As part of BD+C’s 2019 Giants 300 Technology and Innovation Study, 130 of the nation’s largest AEC firms were polled on a variety of topics, including whether or not the firm had a non-AEC hire in the past 24 months. Nearly two-thirds (63.8%) reported that they had hired an “AEC outsider” in this time period.
Software programmer (35.4%), data analyst (29.2%), game designer/VR specialist and Lean/Six Sigma expert (both 16.2%), and AI/machine learning (ML) specialist (9.2%) were the most popular hires. (Download the final report at BDCnetwork.com/2019TechSurvey.)
Each of these AEC outsider jobs are unique, serving very different purposes, but they are all meant to help their respective firms with the same main goal: drive innovation efforts.
Sure, these firms could train a few current employees in the latest in game design or machine learning, but AEC professionals have enough on their plates without becoming specialists in a new skill outside of their wheelhouse.
See Also: Buildings as "open source platforms"
With the amount of data firms are currently collecting, it has become impossible to manually process it. That’s where the software programmer comes in.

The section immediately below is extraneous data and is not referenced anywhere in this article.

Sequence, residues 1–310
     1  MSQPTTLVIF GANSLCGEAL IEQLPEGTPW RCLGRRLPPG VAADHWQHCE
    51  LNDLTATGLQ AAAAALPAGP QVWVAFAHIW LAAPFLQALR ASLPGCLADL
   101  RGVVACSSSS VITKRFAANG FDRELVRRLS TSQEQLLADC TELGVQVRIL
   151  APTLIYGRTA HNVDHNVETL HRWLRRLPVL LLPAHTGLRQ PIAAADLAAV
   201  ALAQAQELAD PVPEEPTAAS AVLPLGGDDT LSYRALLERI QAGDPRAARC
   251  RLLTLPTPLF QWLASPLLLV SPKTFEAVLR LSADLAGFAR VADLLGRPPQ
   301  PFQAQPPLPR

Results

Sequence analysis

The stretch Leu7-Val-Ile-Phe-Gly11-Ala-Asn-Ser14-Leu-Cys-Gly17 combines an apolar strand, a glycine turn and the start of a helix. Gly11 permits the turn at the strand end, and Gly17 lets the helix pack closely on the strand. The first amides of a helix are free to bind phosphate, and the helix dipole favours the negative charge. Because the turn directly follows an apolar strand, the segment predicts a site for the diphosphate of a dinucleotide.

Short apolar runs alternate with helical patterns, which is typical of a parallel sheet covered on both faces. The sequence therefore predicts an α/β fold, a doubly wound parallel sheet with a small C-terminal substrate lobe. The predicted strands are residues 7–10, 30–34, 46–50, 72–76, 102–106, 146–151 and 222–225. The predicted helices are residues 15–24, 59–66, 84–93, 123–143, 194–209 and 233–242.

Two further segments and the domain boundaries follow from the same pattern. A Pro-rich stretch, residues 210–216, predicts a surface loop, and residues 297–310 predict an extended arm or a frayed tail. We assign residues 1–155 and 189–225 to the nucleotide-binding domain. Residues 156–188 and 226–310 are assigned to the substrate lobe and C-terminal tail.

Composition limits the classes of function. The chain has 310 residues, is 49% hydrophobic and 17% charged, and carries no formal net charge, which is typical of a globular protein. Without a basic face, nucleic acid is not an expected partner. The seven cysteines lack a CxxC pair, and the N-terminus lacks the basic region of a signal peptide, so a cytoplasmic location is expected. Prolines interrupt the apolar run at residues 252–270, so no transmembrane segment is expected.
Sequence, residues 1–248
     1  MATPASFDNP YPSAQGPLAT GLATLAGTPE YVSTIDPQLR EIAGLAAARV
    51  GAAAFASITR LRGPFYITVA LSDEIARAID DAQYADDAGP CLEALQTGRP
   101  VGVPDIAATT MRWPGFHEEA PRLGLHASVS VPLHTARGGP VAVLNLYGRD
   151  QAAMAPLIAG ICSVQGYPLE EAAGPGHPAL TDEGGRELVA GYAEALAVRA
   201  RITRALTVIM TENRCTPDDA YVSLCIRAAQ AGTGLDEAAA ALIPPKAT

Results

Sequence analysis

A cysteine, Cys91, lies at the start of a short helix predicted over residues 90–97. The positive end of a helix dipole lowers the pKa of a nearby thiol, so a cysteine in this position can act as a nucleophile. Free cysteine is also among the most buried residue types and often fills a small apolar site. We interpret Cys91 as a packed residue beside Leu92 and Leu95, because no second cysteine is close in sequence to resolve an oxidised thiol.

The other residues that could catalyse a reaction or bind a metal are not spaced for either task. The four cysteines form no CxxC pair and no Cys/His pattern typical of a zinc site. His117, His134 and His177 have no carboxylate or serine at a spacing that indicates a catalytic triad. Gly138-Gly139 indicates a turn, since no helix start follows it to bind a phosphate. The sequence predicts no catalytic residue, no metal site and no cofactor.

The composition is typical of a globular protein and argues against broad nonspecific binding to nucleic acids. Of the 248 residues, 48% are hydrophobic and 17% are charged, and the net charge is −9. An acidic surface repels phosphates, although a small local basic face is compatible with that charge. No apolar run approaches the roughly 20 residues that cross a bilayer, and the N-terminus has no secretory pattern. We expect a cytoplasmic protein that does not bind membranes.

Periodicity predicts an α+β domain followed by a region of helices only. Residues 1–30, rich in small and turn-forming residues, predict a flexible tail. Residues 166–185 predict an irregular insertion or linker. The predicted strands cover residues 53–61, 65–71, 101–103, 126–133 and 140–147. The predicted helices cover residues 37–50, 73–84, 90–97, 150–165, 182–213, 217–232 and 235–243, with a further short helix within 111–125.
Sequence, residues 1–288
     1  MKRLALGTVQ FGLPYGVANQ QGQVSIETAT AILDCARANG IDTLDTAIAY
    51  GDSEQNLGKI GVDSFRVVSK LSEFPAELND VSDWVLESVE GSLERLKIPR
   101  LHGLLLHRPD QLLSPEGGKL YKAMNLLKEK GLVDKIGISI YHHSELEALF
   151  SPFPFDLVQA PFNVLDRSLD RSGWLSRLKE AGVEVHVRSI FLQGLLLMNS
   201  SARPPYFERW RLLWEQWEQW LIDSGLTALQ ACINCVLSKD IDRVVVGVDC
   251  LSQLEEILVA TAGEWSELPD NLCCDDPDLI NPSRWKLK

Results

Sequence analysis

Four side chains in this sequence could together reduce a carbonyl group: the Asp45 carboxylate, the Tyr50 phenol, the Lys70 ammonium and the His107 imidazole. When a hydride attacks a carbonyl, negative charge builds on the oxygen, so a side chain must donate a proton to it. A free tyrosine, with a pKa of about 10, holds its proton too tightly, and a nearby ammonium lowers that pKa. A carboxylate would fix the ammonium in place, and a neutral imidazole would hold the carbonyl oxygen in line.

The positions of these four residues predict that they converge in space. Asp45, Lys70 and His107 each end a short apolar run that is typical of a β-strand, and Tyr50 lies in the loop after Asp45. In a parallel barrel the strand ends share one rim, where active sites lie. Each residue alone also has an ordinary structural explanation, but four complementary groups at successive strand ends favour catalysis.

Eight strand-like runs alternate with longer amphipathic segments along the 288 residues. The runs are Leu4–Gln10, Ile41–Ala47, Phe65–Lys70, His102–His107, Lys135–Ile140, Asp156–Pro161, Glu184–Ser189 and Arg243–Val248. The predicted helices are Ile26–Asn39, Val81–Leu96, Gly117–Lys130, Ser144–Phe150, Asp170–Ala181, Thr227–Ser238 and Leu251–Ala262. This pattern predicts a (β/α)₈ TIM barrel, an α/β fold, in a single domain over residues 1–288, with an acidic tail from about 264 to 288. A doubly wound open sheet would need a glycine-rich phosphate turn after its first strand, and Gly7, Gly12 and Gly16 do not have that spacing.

“We gather feedback from the occupants of our buildings, both before and after they move. This is a huge amount of data and it needs to be processed and analyzed automatically,” says Dane Stokes, Design Technology Specialist with ZGF Architects. “The creation and management of these systems is the brunt of this position.”
ZGF currently has one software programmer whose specific job it is to help ease the collection and management of data. The ability to collect, process, and understand this data more quickly and accurately allows ZGF to better understand user satisfaction of its projects at a meaningful scale.
DPR Construction, on the other hand, currently employs approximately 20 people as part of its software and data team. The first hire for the role occurred in 2008 when the firm realized off-the-shelf solutions didn’t fully solve its business problems and created silos of information. “There was a need to create integrations between point solutions and systems of record so that we could build efficiencies into our construction lifecycle,” said Hrishi Maha, National Data and Analytics Leader, DPR.
DPR’s software and data team developed an application called ourPlan (later acquired by Autodesk and rebranded as BIM 360 Plan). OurPlan was a Lean construction planning Web application that supported the Last Planner System for optimizing short-interval planning. The app gave everyone involved with a project access to a detailed plan, keeping the entire team informed of the current schedule at any given time. This helped to reduce the need for constant status meetings and shaved weeks of time from traditional construction schedules.